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LAURA CONTRISCIANE v. UTICA MUTUAL INSURANCE COMPANY AND AETNA CASUALTY AND SURETY CO. APPEAL UTICA MUTUAL INSURANCE COMPANY (03/18/83)

filed: March 18, 1983.

LAURA CONTRISCIANE, EXECUTRIX OF THE ESTATE OF KENNETH A. CONTRISCIANE, DECEASED
v.
UTICA MUTUAL INSURANCE COMPANY AND THE AETNA CASUALTY AND SURETY CO. APPEAL OF UTICA MUTUAL INSURANCE COMPANY



No. 1789 Phila., 1981, Appeal from the Judgment Entered June 16, 1981, in the Court of Common Pleas of Delaware County, Civil Action, Law, at No. 78-17057.

COUNSEL

Charles W. Craven, Philadelphia, for appellant.

Peter J. Rohana, Springfield, for Contrisciane, appellee.

Robert A. Rosin, Philadelphia, for Aetna, appellee.

Johnson, Watkins and Lipez, JJ. Lipez, J., concurs in the result.

Author: Watkins

[ 312 Pa. Super. Page 551]

This appeal comes to us from a judgment and order of the Court of Common Pleas of Delaware County modifying an arbitrator's award.

The case arises from a sequence of events which occurred on December 26, 1976, which resulted in the death of Kenneth A Contrisciane. The decedent was operating an automobile owned by his employer, Future Cars, Inc., when he was involved in a minor traffic accident with a car operated by Ann Killen. A police officer quickly arrived, at which time the decedent was standing by the driver's window of Ms. Killen's car exchanging information with her. The police officer requested the decedent to get his owner's card and operator's license from his car. When the decedent returned, the police officer was sitting in the police car completing an accident report. While the decedent was standing beside the police car, he was struck and killed by

[ 312 Pa. Super. Page 552]

    an automobile driven by David Patterson, an uninsured motorist.

The appellee, as executrix of the estate of the decedent, filed suit against Utica Mutual Insurance Company, the motor vehicle insurance carrier for the decedent's employer, and also against Aetna Casualty and Surety Company, the motor vehicle insurance carrier for the decedent's father. The Utica policy covered fifteen vehicles with limits of $15,000 -- $30,000, and The Aetna policy covered three vehicles with the same limits. This matter proceeded to arbitration in accordance with the Pennsylvania Arbitration Act of 1927, 5 P.S. 161 et seq. The arbitrators concluded that the appellee was entitled to compensatory damages in the amount of $200,000, but decided that the appellee's recovery was limited to $15,000 from Aetna. The panel concluded that since the decedent was not a named insured under any of the policies and he did not pay any of the premiums, he was only entitled to coverage under one policy. The panel also found that the appellee could not recover under the Utica policy since the decedent was a pedestrian at the time he was struck. According to the terms of the Utica policy, appellee's decedent could be considered an insured only if he was "occupying" a vehicle insured by Utica. The Utica policy defined the term "occupying" as "in or upon or entering into or alighting from." The panel found as a matter of fact that the decedent was standing on the highway approximately ninety-seven feet from his employer's vehicle when he was struck and therefore was not occupying the vehicle. Appellee filed a petition to Vacate, Modify, or Correct an Arbitration Award on November 20, 1978. The Court of Common Pleas held that the decedent was occupying his employer's vehicle at the time he was struck and modified the award so as to exonerate Aetna and hold Utica liable for $200,000.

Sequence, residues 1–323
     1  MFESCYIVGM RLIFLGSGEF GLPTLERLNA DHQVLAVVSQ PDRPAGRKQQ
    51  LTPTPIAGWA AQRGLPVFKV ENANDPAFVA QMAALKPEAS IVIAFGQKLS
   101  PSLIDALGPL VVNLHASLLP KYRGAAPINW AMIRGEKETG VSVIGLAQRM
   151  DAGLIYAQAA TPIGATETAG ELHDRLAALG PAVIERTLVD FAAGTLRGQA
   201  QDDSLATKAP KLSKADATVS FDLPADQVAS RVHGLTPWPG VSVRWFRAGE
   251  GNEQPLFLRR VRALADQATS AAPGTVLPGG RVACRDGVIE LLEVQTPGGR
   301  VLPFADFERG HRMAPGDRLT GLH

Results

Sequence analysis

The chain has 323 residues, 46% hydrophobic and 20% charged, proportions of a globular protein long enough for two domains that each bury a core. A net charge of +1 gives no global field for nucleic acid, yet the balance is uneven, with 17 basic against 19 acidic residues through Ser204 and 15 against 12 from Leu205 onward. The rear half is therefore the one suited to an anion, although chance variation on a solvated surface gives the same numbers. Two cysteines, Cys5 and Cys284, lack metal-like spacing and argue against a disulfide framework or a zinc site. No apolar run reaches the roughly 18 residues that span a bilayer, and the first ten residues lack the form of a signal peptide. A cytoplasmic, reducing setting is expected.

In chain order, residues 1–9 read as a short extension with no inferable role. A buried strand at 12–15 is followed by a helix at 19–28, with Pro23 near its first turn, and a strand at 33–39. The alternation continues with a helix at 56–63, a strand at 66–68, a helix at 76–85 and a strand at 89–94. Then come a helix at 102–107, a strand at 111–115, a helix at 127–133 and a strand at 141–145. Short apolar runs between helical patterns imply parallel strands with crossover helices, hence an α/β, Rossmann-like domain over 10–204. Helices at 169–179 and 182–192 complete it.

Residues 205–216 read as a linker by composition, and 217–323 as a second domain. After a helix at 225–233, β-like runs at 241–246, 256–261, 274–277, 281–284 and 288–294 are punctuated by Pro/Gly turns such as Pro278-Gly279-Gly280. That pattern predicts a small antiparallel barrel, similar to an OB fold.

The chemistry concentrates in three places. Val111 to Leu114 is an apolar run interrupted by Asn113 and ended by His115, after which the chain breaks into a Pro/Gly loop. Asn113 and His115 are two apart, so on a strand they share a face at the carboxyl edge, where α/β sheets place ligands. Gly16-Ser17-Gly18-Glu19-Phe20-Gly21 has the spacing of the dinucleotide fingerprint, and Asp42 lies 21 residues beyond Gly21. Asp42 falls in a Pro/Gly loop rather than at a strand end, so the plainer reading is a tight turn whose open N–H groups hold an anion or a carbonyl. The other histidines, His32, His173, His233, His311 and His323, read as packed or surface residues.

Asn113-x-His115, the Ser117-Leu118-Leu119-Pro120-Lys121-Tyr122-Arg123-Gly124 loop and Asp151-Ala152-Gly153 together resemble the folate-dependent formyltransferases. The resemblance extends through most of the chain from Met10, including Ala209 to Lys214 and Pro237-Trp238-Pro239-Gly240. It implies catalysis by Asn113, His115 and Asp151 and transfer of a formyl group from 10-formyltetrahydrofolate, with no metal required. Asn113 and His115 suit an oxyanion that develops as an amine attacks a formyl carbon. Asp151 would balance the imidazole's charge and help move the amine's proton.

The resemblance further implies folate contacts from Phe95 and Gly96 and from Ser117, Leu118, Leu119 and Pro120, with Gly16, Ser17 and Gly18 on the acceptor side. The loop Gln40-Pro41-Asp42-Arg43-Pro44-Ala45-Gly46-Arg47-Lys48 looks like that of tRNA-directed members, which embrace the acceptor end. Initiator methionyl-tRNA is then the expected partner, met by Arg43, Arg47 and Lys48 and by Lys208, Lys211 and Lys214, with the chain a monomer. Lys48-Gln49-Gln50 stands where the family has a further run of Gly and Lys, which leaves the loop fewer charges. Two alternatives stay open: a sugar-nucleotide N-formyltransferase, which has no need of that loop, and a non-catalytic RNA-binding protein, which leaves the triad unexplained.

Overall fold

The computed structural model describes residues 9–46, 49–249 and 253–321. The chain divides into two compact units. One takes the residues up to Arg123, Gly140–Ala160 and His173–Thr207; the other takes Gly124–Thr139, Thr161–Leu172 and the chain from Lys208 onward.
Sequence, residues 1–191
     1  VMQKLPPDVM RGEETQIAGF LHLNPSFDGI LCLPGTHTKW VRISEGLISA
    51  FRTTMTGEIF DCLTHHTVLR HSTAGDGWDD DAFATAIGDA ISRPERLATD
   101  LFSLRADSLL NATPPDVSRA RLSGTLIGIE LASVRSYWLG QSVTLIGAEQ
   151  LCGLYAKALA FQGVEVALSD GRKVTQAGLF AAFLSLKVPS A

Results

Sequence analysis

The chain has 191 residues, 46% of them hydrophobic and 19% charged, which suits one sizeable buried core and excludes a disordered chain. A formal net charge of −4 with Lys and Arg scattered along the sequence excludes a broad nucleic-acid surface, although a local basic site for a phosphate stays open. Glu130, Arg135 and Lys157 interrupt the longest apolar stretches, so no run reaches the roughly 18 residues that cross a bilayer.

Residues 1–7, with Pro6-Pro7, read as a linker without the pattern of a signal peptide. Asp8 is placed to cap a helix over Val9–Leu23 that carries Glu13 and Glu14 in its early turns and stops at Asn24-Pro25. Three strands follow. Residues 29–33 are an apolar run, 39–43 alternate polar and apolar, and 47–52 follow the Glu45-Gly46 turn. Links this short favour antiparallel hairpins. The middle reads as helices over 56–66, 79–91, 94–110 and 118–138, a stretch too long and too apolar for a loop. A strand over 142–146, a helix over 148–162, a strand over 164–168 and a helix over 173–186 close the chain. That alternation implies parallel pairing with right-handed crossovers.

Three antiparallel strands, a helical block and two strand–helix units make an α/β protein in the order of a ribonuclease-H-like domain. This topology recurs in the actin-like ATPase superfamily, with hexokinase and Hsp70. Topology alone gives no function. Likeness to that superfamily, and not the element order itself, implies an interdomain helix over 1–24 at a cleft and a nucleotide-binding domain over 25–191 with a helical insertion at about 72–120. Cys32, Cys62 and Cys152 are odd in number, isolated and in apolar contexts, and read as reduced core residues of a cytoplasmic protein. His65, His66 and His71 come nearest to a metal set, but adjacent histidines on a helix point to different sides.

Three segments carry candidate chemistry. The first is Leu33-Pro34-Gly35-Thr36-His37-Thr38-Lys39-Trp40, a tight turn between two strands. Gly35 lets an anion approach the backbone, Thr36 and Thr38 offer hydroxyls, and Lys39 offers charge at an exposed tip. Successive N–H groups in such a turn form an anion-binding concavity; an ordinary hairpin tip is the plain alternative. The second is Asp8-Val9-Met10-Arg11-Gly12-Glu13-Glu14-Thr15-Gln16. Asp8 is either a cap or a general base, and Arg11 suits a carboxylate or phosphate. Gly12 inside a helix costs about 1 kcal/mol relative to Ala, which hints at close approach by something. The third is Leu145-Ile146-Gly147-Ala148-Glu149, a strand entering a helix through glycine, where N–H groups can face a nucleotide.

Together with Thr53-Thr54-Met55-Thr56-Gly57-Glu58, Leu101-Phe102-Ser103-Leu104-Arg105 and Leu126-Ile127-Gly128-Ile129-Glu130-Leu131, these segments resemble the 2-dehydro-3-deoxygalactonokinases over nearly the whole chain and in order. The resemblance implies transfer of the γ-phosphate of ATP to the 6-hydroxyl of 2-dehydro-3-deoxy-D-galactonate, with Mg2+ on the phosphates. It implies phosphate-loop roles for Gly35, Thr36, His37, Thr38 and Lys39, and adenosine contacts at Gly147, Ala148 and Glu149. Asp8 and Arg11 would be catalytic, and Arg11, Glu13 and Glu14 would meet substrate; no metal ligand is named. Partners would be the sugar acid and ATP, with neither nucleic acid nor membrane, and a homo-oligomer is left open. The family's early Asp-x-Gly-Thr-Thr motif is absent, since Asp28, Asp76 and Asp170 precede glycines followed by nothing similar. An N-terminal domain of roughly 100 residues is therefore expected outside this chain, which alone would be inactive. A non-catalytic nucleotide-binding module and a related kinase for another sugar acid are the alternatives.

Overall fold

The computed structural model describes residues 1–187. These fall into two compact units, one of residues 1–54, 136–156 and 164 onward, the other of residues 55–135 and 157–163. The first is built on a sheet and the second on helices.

Utica appealed asserting that the Court of Common Pleas exceeded its powers of review when it modified the arbitrator's award. Section 11 of Arbitration Act of 1927, 5 ...


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